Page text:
WASHINGTON (TIP): Another Indian American kid has created history by becoming the first person to earn a second time Global Finalist award in the 2015 Google Science Fair. But what made this accomplishment even more special was the shout-out to this kid by US President Barack Obama at White House Astronomy Night where bright young kids were present.
US President Barack Obama has lauded a budding Indian-American astronomy buff who has the distinction of being the first person to be a Global Finalist in Google Science Fair twice. The Astronomy Night was held Monday, Oct 19, at the White House.
“Pranav was a global finalist in the Google Science Fair — not once, but twice. So you know he’s going to do some important things. Give him a big round of applause,” Obama said.
Pranav, 15, was chosen out of only 10 students in his age category, 7 Americans, and 20 total students worldwide to make the finals of this year’s Google Science Fair. His research addressed resolvable image configurations of quasars in the Sloan Digital Sky Survey, allowing him to identify 109 new high probability quasar candidates. Pranav has also won the Astronomical League’s National Young Astronomer Award, two National Semi-finalist awards in the Siemens Competition in Math, Science, and Technology, taking second place in the Scripps National Spelling Bee.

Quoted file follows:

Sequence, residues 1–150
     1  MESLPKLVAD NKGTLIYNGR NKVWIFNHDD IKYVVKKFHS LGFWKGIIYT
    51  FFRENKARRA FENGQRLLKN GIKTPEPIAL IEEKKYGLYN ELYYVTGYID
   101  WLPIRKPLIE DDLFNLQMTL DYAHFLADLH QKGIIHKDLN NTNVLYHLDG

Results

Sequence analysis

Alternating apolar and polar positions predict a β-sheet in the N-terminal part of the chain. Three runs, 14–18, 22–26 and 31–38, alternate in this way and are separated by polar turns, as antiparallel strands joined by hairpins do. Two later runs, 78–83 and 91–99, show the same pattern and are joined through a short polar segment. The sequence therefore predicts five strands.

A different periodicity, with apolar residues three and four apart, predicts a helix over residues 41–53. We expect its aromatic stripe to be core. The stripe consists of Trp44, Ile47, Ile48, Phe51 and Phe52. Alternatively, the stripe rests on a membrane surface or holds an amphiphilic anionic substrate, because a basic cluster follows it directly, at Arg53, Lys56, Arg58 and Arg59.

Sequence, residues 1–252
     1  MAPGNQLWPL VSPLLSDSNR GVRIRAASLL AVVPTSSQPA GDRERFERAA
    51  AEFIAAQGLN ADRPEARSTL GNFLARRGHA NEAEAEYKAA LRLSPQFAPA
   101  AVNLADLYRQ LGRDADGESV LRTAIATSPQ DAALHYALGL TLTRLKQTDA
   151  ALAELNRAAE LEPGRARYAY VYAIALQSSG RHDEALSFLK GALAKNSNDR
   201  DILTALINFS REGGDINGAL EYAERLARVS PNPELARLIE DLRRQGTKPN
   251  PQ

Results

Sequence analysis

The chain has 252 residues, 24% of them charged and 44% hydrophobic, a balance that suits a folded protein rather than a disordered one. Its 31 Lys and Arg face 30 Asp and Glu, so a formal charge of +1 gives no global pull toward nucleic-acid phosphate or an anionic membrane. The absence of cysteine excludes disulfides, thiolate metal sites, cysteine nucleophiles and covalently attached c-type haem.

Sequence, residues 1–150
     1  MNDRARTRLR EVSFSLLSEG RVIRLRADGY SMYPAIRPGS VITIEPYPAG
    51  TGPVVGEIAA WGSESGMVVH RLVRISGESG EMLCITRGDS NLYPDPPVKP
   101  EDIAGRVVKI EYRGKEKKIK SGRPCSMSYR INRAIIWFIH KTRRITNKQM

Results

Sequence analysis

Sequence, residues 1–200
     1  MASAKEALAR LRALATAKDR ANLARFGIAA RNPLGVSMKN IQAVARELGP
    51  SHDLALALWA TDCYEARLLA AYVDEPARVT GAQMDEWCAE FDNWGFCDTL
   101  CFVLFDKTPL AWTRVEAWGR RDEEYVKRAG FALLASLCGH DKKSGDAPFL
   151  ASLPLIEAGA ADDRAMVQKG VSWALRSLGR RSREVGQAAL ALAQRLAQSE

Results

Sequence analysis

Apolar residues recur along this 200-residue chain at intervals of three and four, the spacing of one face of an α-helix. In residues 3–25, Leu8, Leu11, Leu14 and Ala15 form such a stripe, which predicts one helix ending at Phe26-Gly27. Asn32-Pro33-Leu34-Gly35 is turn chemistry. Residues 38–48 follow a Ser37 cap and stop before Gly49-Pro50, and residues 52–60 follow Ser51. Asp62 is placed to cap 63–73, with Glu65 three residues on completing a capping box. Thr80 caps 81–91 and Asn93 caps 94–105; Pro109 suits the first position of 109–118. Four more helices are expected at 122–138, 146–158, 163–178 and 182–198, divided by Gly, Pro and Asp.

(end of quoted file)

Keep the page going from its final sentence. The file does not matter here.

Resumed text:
“When Pranav Sivakumar was six years old, he found an encyclopedia about famous scientists lying around the house.
At least he thinks it was lying around there. Actually, his parents probably were setting it out hoping he was going to run into it,” Obama said.
“And he’s been fascinated with outer space ever since. For years, every Saturday morning, his parents drove him an hour to an astrophysics lab for ‘Ask-A-Scientist’ class. And before long, he teamed up with researchers he met there to study the ‘gravitational lensing of quasars’. That is not what I was thinking about at his age,” the US President said.
An eighth grader at the Illinois Math and Science Academy in Aurora, Illinois, Pranav is one of 20 teens from across the world to be named a finalist in Google’s online science and technology competition.
He received the Virgin Galactic Pioneer Award last month for researching objects called quasars that appear unusually bright in the night sky.
Pranav, a runner up in the 2013 National Spelling Bee, is working to find galaxies dominated by dark matter with a professor at the University of Chicago.
As part of winning the Virgin Galactic Pioneer award, he gets to tour the company’s Mojave Air and Spaceport to meet the company’s engineers, and also gets a personal tour of Virgin Galactic’s new spaceship.
“It has been an exciting journey,” Pranav, who hails from Obama’s hometown of Chicago, said in a recent press release.
“I plan to continue this research for many years, hoping to contribute at least a little to our understanding of dark matter and dark energy, which make up 95 per cent of the universe and determine its future,” he said.